1 spray(s) cooking spray
1 medium onion(s), finely chopped
4 medium garlic clove(s), minced
45 oz canned black beans, undrained, divided (three 15 oz cans)
1/2 tsp red pepper flakes, or to taste (can also substitute fresh chopped red bell pepper, to taste)
1 tsp ground cumin
14 1/2 oz fat-free chicken broth, or vegetable broth
10 oz canned tomatoes with green chilies, such as Rotel Tomatoes
11 oz canned yellow corn, drained (I used the 14.5 oz size)
**Kelly’s additions: handful of cilantro, one whole lime


* Coat bottom of a large stockpot with cooking spray. Add onion and garlic and cook, stirring frequently, until onions are soft but not brown, about 5 minutes.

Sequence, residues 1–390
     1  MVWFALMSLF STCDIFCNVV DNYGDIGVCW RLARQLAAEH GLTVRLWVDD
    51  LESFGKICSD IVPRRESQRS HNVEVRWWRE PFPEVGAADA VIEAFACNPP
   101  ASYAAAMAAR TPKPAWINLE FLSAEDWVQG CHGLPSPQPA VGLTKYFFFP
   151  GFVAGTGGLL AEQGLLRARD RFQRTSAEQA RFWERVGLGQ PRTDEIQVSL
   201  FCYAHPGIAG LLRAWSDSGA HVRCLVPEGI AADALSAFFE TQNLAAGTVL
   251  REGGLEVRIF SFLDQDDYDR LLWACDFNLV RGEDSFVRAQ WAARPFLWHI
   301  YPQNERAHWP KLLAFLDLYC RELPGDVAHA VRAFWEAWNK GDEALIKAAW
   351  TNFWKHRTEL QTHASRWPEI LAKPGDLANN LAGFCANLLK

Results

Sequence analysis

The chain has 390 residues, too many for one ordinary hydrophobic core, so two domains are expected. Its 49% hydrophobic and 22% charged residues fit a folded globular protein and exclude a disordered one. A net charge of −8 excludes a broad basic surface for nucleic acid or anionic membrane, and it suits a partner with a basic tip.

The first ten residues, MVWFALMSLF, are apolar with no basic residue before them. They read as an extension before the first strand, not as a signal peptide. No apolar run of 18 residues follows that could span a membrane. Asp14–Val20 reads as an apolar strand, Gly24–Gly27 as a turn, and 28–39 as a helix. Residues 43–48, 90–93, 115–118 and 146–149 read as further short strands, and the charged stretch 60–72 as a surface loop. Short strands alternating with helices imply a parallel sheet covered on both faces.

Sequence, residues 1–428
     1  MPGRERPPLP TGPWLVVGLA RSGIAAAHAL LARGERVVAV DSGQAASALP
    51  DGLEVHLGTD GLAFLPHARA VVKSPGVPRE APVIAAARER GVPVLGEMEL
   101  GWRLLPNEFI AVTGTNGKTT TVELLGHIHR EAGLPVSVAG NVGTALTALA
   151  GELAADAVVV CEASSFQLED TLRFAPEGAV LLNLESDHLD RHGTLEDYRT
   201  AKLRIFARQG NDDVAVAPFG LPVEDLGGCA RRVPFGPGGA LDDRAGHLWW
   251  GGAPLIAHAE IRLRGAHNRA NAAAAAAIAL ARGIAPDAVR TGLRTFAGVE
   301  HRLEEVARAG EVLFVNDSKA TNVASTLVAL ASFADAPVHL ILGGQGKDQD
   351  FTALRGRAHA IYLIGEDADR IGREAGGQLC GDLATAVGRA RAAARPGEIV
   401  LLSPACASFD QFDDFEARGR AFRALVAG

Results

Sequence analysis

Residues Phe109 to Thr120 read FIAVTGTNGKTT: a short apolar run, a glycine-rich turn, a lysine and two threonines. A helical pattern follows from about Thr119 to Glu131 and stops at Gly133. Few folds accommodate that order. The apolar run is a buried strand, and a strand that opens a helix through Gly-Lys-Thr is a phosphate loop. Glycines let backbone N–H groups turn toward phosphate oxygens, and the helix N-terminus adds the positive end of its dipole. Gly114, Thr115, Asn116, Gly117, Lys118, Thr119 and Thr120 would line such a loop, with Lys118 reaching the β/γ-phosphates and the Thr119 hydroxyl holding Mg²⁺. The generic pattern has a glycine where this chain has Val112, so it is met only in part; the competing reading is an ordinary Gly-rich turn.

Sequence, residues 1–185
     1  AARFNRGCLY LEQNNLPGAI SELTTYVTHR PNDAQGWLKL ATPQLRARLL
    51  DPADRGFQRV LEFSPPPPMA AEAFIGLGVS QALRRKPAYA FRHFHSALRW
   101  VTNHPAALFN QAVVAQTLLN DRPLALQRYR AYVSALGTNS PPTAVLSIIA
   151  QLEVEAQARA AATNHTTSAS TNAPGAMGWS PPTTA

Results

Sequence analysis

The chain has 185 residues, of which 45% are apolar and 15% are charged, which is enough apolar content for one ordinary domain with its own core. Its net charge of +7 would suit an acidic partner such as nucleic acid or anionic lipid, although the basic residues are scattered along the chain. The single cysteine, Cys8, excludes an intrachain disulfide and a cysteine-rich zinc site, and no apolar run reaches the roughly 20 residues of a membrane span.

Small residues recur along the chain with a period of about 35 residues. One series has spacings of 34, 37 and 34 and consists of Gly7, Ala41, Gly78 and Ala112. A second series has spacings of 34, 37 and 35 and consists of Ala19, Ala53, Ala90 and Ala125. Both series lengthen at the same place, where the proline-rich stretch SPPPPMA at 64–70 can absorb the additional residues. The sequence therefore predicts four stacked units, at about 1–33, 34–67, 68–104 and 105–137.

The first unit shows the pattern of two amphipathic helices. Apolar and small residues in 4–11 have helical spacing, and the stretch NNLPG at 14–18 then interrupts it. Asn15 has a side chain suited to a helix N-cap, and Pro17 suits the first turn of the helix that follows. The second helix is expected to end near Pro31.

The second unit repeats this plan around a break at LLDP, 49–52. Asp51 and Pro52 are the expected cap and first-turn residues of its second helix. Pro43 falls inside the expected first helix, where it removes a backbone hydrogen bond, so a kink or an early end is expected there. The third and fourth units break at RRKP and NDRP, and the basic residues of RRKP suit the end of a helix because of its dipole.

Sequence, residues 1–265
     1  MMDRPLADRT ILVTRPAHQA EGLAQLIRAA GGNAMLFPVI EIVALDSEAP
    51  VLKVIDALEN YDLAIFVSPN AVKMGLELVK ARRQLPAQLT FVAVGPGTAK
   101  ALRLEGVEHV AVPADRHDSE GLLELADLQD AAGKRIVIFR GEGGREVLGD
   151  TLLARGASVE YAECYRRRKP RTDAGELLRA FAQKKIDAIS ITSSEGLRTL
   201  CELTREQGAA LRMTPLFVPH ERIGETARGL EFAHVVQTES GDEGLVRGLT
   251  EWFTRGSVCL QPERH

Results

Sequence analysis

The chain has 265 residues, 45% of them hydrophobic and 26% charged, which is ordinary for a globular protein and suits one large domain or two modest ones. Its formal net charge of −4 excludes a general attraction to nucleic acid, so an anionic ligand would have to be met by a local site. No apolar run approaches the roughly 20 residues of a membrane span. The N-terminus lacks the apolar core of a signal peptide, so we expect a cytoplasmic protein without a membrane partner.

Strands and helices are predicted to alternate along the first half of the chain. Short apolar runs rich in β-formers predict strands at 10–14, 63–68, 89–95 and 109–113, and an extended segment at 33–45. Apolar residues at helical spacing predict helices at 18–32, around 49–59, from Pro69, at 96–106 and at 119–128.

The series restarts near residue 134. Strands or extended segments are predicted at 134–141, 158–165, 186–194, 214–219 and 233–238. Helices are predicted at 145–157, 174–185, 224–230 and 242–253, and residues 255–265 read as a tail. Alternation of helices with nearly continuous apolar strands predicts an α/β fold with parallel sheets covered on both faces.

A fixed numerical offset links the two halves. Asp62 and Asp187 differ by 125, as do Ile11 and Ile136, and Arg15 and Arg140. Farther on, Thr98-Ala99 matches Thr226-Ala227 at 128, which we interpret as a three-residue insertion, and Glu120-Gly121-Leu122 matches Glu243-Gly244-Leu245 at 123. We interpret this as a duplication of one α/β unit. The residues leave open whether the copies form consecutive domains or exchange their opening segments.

* Place one can of beans in blender; add sautéed onion mixture, red pepper flakes and cumin. If using cilantro, add that at this time as well. Cover and blend on high until smooth, about 30 seconds. Pour mixture back into stockpot.

* Place second can of beans and broth in blender and puree until smooth; add to stockpot.

* Stir third can of beans (do not puree first), tomatoes and green chilies, and corn into stockpot. Cut lime in half, squeeze juice into pot, then allow it to cook in the soup as well. Bring to a boil, lower heat to medium and simmer for 20 to 25 minutes. Yields about 1 1/2 cups of soup per serving.

– Garnish: cilantro, lime, light sour cream